War on Terror Timeline
The US War on Terror timeline provides dates and facts with details of important events and terrorist attacks of Domestic and International terrorism that charts the on-going War on Terror and its effects and repercussions in the United States and other countries. The history timeline of the War on Terror is told in a factual timeline sequence consisting of a series of short facts providing a simple method of relating the relevant, significant acts of terrorism in the modern era.

War on Terror for kids: War on Terror for kids: History Timeline
The main events and dates of the War on Terror can be seen in the short, history War on Terror Timeline for kids.  

1970: Dawson's Field hijackings when terrorists hijacked four airplanes bound for New York City to a remote desert airstrip called Dawson's Field near Zarka, Jordan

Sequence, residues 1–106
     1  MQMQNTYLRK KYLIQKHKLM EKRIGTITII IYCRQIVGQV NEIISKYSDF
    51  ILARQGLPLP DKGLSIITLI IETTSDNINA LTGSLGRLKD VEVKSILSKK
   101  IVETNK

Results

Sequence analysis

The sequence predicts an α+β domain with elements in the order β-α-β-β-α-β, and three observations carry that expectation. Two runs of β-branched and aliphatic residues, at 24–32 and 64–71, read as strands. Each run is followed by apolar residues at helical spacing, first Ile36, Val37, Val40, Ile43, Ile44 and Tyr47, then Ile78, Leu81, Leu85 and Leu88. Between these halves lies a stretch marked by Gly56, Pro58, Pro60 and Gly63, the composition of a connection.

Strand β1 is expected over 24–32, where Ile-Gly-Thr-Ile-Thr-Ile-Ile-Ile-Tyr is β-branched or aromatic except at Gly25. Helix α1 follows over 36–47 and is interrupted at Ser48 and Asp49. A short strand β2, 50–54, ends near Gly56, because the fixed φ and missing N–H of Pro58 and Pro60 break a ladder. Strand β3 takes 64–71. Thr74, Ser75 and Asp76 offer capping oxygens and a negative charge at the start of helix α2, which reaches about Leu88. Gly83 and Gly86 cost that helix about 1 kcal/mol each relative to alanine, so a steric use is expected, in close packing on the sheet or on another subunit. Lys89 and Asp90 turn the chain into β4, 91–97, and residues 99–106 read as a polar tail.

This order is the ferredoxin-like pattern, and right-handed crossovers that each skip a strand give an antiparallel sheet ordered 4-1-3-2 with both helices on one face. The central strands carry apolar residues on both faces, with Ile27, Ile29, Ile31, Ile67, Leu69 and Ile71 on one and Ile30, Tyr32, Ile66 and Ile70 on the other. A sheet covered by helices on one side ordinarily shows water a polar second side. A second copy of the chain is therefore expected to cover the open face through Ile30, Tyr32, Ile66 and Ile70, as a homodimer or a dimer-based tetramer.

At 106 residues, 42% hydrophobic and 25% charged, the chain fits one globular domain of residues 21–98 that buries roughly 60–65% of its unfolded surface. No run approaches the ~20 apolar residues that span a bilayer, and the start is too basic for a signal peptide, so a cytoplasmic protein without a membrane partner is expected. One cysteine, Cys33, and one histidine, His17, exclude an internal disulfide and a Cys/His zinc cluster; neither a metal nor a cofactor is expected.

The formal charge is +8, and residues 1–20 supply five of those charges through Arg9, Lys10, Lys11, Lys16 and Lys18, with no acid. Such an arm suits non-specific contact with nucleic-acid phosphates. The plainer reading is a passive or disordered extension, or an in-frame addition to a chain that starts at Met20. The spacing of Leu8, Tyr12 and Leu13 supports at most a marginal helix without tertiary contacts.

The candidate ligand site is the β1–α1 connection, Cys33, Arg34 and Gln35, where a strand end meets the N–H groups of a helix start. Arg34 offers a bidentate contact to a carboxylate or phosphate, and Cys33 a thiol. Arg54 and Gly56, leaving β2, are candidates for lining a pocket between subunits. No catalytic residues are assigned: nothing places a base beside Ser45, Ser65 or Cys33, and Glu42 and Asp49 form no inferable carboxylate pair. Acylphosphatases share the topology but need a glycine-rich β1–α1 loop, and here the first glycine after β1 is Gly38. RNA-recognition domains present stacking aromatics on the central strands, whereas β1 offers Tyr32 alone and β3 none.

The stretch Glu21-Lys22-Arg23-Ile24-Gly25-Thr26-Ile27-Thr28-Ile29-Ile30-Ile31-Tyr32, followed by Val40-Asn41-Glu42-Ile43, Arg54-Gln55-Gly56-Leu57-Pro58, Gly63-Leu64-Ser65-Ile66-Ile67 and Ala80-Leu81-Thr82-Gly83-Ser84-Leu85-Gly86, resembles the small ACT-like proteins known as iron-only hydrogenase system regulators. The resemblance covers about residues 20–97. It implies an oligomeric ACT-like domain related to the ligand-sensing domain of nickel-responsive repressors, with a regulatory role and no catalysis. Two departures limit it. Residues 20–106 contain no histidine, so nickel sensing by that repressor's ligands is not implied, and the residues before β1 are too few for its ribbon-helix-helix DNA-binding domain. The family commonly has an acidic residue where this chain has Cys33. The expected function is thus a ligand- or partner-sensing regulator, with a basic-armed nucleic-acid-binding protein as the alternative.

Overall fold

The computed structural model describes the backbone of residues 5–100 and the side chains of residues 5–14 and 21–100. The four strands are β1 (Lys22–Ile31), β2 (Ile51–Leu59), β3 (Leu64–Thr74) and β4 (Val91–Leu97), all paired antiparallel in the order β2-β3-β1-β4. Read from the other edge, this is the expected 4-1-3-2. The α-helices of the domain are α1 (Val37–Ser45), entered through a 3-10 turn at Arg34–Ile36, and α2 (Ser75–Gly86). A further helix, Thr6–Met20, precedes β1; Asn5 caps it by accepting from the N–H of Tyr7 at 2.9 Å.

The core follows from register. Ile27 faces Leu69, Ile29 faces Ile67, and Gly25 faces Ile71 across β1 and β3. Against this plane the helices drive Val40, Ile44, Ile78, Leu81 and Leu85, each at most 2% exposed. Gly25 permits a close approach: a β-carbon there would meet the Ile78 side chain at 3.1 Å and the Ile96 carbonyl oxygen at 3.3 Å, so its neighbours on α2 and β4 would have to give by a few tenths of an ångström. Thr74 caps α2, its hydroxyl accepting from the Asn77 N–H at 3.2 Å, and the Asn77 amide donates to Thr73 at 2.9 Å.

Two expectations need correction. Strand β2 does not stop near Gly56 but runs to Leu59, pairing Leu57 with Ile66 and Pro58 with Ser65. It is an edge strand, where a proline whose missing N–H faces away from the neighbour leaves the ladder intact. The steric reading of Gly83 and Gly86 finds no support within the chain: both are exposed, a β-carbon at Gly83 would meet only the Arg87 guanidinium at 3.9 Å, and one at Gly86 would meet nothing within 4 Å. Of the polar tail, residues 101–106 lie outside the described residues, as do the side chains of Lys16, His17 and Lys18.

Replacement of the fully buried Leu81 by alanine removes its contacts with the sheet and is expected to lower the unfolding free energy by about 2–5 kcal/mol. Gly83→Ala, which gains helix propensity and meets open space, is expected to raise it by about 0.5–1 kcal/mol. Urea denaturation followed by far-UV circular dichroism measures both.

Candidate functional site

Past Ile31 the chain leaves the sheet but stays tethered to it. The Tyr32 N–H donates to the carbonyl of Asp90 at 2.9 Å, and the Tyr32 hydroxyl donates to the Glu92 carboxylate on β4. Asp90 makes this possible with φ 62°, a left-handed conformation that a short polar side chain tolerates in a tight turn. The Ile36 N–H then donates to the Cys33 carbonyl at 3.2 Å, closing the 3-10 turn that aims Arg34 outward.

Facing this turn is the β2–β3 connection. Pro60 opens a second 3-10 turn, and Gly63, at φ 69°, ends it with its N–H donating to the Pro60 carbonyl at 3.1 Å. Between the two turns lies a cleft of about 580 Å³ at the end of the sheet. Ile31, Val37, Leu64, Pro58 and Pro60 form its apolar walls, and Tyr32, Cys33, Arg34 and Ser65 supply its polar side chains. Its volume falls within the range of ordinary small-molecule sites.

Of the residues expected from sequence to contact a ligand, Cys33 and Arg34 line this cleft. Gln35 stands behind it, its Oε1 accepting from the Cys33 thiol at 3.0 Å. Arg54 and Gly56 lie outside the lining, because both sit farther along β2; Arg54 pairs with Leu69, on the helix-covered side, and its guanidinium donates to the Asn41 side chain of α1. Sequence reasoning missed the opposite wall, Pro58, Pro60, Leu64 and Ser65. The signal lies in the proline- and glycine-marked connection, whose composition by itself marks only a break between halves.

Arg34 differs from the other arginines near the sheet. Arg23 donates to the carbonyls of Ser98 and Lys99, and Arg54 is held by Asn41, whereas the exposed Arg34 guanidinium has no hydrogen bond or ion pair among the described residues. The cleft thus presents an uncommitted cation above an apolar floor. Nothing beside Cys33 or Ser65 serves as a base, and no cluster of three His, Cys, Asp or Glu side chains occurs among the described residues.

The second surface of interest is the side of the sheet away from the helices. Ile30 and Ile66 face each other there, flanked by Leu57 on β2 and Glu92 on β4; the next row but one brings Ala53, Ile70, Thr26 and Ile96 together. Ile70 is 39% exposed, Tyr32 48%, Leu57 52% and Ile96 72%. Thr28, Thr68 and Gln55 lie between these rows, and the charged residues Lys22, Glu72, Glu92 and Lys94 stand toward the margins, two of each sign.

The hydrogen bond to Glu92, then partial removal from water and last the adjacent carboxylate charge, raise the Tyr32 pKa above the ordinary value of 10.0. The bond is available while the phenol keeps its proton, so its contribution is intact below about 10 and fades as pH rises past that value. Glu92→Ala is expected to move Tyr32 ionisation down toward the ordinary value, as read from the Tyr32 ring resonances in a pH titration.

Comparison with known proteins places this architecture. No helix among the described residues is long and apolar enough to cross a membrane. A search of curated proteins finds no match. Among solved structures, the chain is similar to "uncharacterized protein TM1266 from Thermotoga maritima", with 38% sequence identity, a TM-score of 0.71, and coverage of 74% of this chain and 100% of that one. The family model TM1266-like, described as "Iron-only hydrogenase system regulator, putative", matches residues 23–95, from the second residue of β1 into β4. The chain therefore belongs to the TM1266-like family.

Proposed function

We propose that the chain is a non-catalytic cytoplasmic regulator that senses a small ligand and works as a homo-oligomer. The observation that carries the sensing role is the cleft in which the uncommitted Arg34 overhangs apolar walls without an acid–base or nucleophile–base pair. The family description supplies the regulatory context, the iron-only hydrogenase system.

1974: The "Alphabet Bomber" Muharem Kurbegovich bombed the Pan Am Terminal at Los Angeles International Airport

1975: LaGuardia Airport Bombing in East Elmhurst, New York City killed 11 and injured 75 people

1978: The Unabomber, Ted Kaczynsk begins a reign of terror sending mail bombs between 1978 to 1995

1979: The Taliban, one of the Mujahideen factions meaning "those engaged in jihad", was formed during the Soviet invasion of Afghanistan

1979: Iran Hostage Crisis: Militant Iranian students, stormed the United States Embassy in Teheran and 52 Americans were held hostage for more than a year

1980: The Bombing of the Statue of Liberty an explosive device was detonated in the Story Room.

1983: Beirut Barracks Bombings when U.S. Marine barracks were bombed in Beirut, Lebanon, killing 241